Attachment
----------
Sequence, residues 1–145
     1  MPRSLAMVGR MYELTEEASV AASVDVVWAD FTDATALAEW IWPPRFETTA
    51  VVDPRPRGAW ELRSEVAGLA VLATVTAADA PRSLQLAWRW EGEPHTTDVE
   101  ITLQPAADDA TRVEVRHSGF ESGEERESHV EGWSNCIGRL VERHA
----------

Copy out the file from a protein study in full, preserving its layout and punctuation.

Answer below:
Sequence, residues 1–145
     1  MPRSLAMVGR MYELTEEASV AASVDVVWAD FTDATALAEW IWPPRFETTA
    51  VVDPRPRGAW ELRSEVAGLA VLATVTAADA PRSLQLAWRW EGEPHTTDVE
   101  ITLQPAADDA TRVEVRHSGF ESGEERESHV EGWSNCIGRL VERHA